I'm agreeing with Cliff's "shark fin" comment. I'd reduce the size of that jin significantly, but not turn it into a uro. That wouldn't seem natural in my opinion. I particularly like the way the roots harmonize with the trunk line and the container. It works well to convey the image of a old, weather-beaten tree struggling for survival. The branches work well to continue this feeling. To that end, I'm not so sure I'd graft on shimpaku foliage. The foliage it has now - at least as much as this photo shows - does convey a sense of age and struggle, where shimpau would not. At least not easily to my eyes.

Kindest~
-d

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Re: Juniper of some sort

Post  Guest on Tue Jun 30, 2009 5:21 am

FIRST STEP: Double the amount of foliage to become a good bonsai.

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Re: Juniper of some sort

Post  DaveP on Tue Jun 30, 2009 12:04 pm

shimsuki wrote:FIRST STEP: Double the amount of foliage to become a good bonsai.

I don't understand this. That would seem counterintuitive to this particular style and given the visual weight of the trunk & branches.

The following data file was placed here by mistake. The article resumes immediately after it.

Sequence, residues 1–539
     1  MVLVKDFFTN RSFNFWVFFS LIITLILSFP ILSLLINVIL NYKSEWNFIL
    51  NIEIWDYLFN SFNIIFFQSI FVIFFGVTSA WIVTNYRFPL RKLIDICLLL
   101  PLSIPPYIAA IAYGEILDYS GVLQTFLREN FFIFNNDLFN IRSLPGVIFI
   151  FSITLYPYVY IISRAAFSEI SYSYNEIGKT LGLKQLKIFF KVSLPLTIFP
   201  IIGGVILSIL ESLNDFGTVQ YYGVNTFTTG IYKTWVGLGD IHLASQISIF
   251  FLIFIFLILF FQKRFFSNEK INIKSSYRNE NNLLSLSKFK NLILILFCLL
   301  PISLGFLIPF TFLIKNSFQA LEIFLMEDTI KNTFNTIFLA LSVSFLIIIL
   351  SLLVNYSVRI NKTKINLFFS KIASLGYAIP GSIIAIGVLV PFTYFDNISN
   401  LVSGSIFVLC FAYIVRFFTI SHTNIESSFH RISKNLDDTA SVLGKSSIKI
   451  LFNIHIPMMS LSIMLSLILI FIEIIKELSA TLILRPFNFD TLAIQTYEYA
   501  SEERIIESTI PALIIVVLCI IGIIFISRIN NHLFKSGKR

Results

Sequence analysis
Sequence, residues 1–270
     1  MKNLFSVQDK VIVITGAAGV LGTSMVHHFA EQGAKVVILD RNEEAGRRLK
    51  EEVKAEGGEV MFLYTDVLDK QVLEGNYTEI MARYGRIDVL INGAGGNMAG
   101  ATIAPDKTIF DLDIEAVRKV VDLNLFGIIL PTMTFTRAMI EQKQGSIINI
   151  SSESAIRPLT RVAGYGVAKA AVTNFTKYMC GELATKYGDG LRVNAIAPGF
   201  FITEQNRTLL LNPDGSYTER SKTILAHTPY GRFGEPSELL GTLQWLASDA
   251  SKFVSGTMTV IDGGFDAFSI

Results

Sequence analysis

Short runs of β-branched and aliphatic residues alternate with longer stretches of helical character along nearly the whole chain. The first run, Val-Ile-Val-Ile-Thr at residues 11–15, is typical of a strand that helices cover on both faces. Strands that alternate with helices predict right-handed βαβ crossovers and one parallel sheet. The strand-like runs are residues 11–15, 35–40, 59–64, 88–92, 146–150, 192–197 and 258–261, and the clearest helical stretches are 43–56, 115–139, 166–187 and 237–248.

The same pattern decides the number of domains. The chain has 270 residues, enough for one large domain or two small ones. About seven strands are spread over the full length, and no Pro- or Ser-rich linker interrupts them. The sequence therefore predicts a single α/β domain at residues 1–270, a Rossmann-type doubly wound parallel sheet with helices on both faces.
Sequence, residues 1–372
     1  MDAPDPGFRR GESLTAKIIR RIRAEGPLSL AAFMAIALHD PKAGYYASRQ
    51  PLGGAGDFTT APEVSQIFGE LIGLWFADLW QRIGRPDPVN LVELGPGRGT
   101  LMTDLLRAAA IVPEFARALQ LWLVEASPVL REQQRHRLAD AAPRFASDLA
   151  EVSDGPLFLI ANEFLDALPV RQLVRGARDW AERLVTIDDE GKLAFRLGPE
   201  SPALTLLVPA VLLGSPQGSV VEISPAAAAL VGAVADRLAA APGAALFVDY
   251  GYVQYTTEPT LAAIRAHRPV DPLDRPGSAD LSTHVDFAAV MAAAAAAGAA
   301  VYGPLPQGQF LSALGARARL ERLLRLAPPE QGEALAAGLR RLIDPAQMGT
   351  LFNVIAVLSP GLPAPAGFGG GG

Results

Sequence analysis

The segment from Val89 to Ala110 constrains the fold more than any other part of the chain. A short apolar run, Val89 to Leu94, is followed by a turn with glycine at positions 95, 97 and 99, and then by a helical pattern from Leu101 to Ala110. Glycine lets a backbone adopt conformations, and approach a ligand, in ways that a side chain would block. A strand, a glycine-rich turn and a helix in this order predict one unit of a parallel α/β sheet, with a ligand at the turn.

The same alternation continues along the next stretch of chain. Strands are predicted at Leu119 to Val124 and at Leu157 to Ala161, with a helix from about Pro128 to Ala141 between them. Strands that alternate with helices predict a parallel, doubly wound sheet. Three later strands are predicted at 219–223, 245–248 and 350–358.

Kindest~
-d

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Re: Juniper of some sort

Post  Guest on Wed Jul 01, 2009 1:33 am

DaveP wrote:I don't understand this. That would seem counterintuitive to this particular style and given the visual weight of the trunk & branches.

Even with the way this juniper is styled, it still needs some tight foliage pads.

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Re: Juniper of some sort

Post  Garykk on Wed Jul 01, 2009 1:54 am

It has a runaway apex. I would remove the top 'pig tail' branch and wire as such........ssssssnip. affraid

__gary


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Re: Juniper of some sort

Post  Velodog2 on Wed Jul 01, 2009 2:08 pm